Appreciating what some might term “noise” as music brings John Cage and his four minutes and thirty-three seconds of “silence” most readily to mind. But Liminal Space’s season-opening concert of electro-acoustic music recalls an earlier moment in twentieth-century music philosophy: Luigi Russolo’s futurist manifesto The Art of Noises, written in March, 1913. It advocates a shift to accept the sea of sound mankind inhabits, to consider what was previously perceived as “noise” to be a new realm of potential timbre, and to embrace a new musical reality while begging the “modern orchestra” to “Let us go!” This concert, titled “Time and Tension,” offers just such an escape from conventional restraints.
Liminal Space is a contemporary music ensemble in Houston comprised of composer and electric guitarist George Heathco and percussionist Luke Hubley. This concert marks the opening to their second full season, which promises a line-up of Steve Reich, D.J. Sparr, and Orianna Webb. The final concert in May will feature all nine works from a specially-commissioned project Liminal Space created called The New Music Initiative. If the commissioned work performed at this concert is any indication, it’s not going to be a concert to miss.
It’s hard to imagine a lighter way to open a time-and-tension-themed performance than with composer Jacob TV’s The Body of Your Dreams. Arranged for guitar and marimba by Liminal Space, the aural backdrop to this piece is a late-night infomercial for a weight-loss product. The tape, strategically mixed to repeat inelegant but embarrassingly familiar phrases like “Ladies listen to this: that cellulite and flabbiness…that cellulite and flabbiness…” was wildly funny. A dotted rhythm provided some continuity while music and recorded speech spun above it in a strange but groovy combination akin to Robert Ashley’s opera That Morning Thing. A somber mood struck as a voice confessed “I’ve had problems with these love handles on the side.” But the piece picked right back up with success stories and grand promises of finally getting that body you’ve always dreamed about.
The jovial mood of The Body of Your Dreams faded quickly as Heathco scraped his guitar pick down his strings for the night’s world premiere. Written by Hugh Lobel, The Lotus City Songbook is set in three movements and is part of Liminal Space’s commissionary series. The program notes cited an imagined a day in the life of Buddhist figure Bodhisattva Avalokiteśvara, who embodies compassion and listens to suffering of existence. The rhythm swayed between duple and triple meter; hardcore guitar solos rocked over a steady xylophone beat.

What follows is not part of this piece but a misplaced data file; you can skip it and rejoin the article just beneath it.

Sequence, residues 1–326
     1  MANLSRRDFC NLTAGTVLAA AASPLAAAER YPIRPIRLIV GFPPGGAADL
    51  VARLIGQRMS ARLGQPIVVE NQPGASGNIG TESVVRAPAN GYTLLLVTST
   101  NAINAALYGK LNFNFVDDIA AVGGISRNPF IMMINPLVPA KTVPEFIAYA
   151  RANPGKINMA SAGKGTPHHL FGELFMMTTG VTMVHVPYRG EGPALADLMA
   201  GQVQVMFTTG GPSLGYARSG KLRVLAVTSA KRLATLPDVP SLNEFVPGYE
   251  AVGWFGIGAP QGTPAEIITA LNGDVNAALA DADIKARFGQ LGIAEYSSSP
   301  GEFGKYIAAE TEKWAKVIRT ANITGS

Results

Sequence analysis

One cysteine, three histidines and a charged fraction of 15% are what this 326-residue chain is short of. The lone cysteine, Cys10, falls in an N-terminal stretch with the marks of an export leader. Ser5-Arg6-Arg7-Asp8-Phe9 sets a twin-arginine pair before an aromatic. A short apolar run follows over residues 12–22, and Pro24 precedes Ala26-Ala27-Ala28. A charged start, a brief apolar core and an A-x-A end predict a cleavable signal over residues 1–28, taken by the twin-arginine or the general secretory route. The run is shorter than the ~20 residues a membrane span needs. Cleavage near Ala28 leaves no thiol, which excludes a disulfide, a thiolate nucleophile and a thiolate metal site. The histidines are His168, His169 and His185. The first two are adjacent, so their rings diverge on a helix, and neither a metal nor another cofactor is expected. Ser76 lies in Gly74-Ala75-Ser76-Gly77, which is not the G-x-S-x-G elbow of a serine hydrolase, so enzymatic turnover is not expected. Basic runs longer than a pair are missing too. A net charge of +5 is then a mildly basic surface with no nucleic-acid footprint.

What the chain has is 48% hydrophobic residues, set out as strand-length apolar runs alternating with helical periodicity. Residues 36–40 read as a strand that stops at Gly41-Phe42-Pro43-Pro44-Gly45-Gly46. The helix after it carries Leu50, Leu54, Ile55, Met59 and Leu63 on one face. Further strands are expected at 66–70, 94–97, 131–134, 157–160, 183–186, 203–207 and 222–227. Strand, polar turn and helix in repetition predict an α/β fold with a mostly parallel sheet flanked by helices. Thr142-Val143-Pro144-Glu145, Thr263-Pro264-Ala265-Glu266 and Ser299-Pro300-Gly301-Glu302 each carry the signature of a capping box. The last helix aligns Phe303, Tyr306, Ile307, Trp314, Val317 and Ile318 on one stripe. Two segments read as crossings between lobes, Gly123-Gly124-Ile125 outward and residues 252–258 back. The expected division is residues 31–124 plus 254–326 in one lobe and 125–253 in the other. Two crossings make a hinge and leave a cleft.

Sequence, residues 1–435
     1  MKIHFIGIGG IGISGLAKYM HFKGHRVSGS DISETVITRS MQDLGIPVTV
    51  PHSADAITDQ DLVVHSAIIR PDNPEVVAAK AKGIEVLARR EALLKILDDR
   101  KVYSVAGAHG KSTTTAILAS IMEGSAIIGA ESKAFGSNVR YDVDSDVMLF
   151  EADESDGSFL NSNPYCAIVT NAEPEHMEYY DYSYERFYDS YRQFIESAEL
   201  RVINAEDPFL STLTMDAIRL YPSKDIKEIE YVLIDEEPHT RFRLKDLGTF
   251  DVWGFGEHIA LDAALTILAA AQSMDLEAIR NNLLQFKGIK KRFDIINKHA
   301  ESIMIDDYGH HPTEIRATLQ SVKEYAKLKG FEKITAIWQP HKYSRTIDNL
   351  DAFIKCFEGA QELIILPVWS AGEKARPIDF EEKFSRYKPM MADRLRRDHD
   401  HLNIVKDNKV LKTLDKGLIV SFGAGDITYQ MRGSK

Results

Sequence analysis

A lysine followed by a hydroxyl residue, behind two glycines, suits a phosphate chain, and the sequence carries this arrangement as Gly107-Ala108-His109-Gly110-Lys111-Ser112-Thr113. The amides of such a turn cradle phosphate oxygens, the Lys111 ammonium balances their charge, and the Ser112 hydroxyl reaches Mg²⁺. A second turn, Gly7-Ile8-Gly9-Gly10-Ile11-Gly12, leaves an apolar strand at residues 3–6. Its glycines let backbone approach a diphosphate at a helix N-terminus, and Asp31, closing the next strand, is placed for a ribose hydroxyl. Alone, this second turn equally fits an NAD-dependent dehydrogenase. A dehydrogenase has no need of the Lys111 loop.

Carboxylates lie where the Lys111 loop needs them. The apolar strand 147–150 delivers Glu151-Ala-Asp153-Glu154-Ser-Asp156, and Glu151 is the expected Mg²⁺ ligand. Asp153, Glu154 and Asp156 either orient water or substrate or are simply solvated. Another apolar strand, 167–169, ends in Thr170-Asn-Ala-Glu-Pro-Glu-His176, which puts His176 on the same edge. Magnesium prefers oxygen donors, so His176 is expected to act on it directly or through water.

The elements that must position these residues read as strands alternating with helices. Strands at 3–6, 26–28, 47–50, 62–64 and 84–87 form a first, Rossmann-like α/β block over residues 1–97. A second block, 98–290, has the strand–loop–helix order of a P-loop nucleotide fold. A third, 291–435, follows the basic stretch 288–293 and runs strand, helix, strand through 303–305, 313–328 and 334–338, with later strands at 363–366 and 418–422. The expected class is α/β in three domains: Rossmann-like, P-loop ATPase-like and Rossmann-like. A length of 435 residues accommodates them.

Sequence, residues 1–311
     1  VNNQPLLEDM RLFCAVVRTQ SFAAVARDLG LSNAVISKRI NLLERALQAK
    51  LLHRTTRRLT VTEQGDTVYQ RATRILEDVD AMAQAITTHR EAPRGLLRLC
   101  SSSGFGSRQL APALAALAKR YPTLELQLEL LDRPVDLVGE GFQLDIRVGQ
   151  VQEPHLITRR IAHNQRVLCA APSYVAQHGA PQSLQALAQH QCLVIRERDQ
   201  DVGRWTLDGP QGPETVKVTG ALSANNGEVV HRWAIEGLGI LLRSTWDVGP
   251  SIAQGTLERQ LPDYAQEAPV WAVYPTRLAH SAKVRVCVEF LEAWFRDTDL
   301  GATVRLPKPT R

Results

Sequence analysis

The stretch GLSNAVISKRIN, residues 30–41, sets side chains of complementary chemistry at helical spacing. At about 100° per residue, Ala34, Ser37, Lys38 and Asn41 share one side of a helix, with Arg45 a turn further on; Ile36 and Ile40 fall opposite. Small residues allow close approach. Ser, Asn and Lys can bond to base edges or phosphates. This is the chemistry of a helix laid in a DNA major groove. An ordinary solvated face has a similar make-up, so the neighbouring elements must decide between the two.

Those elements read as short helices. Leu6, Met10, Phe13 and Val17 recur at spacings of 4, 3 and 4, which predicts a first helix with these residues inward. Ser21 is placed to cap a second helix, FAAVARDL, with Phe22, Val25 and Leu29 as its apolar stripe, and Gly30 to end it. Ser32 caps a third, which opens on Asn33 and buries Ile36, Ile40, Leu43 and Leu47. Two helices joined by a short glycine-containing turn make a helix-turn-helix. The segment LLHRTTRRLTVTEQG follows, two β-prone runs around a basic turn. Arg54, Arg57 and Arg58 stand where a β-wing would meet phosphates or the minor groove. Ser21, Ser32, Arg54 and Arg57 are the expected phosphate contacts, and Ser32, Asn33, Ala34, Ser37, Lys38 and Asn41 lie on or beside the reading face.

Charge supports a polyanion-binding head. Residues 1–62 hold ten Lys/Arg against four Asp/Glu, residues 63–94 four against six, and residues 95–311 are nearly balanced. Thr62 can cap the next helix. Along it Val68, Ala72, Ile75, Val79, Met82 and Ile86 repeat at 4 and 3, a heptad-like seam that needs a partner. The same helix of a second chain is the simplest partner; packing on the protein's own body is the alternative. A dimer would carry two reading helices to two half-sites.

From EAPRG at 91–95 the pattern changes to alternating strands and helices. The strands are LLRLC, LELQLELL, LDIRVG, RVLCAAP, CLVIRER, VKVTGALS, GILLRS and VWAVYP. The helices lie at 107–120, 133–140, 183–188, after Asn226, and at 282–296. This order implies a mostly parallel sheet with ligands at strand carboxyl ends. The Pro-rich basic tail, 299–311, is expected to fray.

Decibel levels, oddly, might have been the breaking point for noise, at least in Russolo’s terms. Percussionist Brandon Bell joined Hubley and Heathco for the last two pieces of the evening, Diving Bell and the two-movement Tension Studies. Diving Bell is scored for amplified triangles with electronics. This translates as two performers bending over two parallel racks of triangles, tapping or scraping the triangles, and then moving a microphone around the instruments. In a nutshell: triangle, microphone, feedback. At times, the feedback became that excruciating screech—the familiar sound of someone awkwardly adjusting a microphone—that makes a person compulsively protect their ears. Moving into Tension Studies, the collaboration of all three performers and their electronics produced a sound that felt like it hit not only your face, but your whole body. In the closing measures, Bell picked up a hammer and pounded a foreign mound of metal.
This closing music wasn’t easy to listen to, but that certainly didn’t make it less awesome. And this sentiment is, in part, what makes Liminal Space a revolutionary ensemble in Houston right now. The first time I heard Liminal Space was at a concert devoted to David Lang’s music last season (Theodore Bale was kind enough to invite me to be a guest contributor about it at his blog). Like this concert, it was a combination of peaceful, humorous work and tumultuous pieces that represent what I would cite as the relentless twentieth-century quest for new music in an old world. Liminal Space brings this tension to Houston, unafraid and unassuming.
Liminal Space’s next concert is December 11 at The Barn—I wouldn’t miss it if I were you. Check out their website for more info: http://liminalspacemusic.com/